It’s also important to check on the supplies frequently. “It’s the worst thing to go in there and find there’s been no soap for three or four days,” she said.
It’s not advisable to rely on employees’ notification. Farm management needs to enforce use of the toilet – not a field or hedgerow. “Depending upon the country of origin of your workers, some may not believe in using toilet paper or may throw it in the garbage can,” Biasillo said.
Workers should be trained to wash their hands after using the toilet, smoking, eating or soiling their hands as well as before eating, smoking and starting or returning to work. They must also be trained to wash their hands thoroughly – front, back, between fingers and fingertips – with soap for a duration of at least 20 seconds.
The farm should keep first aid kits in both the field (a vehicle is okay) and the packing house. Farms should supply gloves to cover any bandages on hands so they don’t contaminate produce.
To ensure workers understand safety policies, farms should provide a written training plan with educational materials, a dedicated trainer, a standard with what the farm expects from workers and a sign-off sheet to indicate which trainings were completed (a sheet with this information on it signed by each employee should suffice). The farm owner or manager could provide the training.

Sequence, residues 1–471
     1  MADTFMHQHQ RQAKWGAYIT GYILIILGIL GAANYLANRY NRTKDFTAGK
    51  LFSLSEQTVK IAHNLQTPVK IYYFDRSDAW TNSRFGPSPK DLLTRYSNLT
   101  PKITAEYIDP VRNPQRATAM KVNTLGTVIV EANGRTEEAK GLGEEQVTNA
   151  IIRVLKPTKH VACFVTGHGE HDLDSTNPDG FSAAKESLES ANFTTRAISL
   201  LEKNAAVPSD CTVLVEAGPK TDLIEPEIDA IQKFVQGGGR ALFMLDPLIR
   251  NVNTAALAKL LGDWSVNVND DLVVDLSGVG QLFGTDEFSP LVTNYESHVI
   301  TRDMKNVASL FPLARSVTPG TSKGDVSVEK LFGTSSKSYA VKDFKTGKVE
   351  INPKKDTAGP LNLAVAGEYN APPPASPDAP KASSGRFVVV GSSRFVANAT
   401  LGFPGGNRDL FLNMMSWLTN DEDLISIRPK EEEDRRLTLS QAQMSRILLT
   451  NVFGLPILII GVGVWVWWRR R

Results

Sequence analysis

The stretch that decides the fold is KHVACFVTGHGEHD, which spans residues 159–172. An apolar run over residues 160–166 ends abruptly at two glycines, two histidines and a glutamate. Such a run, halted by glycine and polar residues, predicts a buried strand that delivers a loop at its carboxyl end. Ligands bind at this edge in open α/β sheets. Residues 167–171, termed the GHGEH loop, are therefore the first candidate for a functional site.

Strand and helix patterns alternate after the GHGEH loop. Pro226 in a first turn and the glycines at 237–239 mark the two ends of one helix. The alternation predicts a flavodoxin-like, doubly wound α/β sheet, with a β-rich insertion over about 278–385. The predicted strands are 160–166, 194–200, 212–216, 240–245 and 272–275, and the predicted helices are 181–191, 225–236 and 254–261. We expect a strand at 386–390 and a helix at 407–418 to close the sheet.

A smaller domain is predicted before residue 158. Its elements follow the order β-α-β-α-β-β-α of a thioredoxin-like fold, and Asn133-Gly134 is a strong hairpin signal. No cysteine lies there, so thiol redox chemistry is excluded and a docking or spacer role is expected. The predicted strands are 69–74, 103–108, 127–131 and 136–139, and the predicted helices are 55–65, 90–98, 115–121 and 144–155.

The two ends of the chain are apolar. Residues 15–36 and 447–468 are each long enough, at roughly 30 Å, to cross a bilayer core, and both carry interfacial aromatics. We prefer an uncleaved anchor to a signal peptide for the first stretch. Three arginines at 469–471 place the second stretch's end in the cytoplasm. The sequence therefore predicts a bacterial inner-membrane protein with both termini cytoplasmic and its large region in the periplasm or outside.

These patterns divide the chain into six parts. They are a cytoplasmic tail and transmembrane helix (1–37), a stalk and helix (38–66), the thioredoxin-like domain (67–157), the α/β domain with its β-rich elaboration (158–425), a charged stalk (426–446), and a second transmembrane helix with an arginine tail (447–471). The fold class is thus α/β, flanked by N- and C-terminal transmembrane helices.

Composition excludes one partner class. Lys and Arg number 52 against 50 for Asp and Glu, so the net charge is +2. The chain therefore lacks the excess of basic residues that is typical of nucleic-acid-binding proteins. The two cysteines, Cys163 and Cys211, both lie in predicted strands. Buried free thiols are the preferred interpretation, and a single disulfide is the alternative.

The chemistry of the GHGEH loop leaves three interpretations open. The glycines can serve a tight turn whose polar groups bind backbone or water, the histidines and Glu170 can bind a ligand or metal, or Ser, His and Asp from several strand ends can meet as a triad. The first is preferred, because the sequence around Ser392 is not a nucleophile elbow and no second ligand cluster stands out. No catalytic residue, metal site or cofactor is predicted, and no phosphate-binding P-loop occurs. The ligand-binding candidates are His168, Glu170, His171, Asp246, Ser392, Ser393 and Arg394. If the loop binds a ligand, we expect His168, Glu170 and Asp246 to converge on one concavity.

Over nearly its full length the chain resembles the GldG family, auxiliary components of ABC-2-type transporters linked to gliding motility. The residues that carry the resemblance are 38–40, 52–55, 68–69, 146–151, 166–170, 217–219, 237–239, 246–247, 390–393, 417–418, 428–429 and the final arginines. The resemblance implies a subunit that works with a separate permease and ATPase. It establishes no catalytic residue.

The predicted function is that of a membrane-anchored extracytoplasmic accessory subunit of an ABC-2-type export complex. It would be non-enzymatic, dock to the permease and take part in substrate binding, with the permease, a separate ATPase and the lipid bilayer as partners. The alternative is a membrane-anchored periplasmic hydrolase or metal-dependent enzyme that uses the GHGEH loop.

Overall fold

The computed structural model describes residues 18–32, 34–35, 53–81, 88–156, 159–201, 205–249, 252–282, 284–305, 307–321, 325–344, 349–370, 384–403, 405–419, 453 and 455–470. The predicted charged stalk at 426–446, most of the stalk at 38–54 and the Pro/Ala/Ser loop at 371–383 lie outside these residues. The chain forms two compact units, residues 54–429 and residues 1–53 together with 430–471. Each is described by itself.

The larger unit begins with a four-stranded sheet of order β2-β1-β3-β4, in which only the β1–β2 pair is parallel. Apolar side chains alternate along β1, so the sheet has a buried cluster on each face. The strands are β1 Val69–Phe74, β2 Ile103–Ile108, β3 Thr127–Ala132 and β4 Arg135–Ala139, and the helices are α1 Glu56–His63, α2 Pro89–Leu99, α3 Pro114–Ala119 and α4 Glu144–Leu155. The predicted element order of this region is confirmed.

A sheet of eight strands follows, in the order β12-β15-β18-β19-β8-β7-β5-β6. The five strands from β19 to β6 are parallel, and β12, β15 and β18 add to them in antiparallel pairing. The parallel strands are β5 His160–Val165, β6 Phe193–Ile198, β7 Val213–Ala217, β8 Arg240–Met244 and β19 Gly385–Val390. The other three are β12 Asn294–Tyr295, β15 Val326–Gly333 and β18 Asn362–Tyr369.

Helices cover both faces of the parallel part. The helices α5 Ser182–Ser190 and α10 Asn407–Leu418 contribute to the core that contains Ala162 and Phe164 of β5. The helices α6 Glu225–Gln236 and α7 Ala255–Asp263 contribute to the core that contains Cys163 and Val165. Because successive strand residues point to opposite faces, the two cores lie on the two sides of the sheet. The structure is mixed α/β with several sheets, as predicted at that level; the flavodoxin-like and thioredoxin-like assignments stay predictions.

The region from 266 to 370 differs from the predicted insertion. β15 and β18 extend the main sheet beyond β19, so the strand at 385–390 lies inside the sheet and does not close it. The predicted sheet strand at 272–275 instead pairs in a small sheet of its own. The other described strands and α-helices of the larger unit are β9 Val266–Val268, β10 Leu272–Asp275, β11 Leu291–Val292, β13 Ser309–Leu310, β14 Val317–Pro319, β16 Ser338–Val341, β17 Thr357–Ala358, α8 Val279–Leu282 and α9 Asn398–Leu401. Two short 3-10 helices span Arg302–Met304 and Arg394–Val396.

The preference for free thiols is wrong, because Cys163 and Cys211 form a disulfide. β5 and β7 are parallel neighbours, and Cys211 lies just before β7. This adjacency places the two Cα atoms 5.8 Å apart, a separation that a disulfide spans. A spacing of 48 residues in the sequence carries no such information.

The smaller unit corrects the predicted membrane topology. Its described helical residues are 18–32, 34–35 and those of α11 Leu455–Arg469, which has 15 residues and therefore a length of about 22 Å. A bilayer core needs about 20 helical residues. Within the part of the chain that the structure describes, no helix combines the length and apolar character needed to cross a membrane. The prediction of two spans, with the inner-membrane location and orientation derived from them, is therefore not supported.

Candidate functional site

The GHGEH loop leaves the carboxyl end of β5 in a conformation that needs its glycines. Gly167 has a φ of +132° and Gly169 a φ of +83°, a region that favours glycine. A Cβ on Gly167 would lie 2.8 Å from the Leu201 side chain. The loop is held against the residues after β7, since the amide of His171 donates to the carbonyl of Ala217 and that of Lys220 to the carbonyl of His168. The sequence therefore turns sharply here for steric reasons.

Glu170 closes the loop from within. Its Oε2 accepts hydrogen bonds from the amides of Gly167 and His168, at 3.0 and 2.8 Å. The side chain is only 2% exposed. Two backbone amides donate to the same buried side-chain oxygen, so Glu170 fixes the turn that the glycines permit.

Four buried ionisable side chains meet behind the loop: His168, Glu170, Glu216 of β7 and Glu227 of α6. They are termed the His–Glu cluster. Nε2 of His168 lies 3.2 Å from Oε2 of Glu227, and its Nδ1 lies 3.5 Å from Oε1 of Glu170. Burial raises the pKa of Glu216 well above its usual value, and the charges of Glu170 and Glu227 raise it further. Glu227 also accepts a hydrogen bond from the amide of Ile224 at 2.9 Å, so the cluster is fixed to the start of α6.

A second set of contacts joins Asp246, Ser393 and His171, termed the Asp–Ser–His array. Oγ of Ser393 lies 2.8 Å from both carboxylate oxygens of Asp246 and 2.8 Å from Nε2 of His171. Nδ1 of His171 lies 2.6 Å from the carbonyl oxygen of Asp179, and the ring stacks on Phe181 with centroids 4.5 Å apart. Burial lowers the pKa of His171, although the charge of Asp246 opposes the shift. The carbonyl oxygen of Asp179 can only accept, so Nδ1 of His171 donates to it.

Biasillo also said that modeling good behavior and posting visual aids are important, as well as casual, periodic reminders to comply with the policies, which could be part of a morning meeting.
“Pictures are good for people who are visual learners or if English isn’t their first language,” Biasillo said. “It’s also a good idea to post these near where it’s pertinent.” For instance, a hand washing poster makes sense near a sink.
Also Important: Visitor Hygiene
Although they’re not employees, visitors can still affect the food safety of a farm, especially if the farm offers U-pick produce or agritourism. Their higher volume of traffic can cause major safety risks.
“Visitors should be responsible for following the same food safety practices as workers,” Biasillo said. Posting signs, making restroom facilities easy to find and not allowing pets will curtail many issues.
“It’s hard enough to keep farm animals out of the fields,” Biasillo said. “Farm visitors can have a safety policy they can read and sign that’s good for six months or a year.”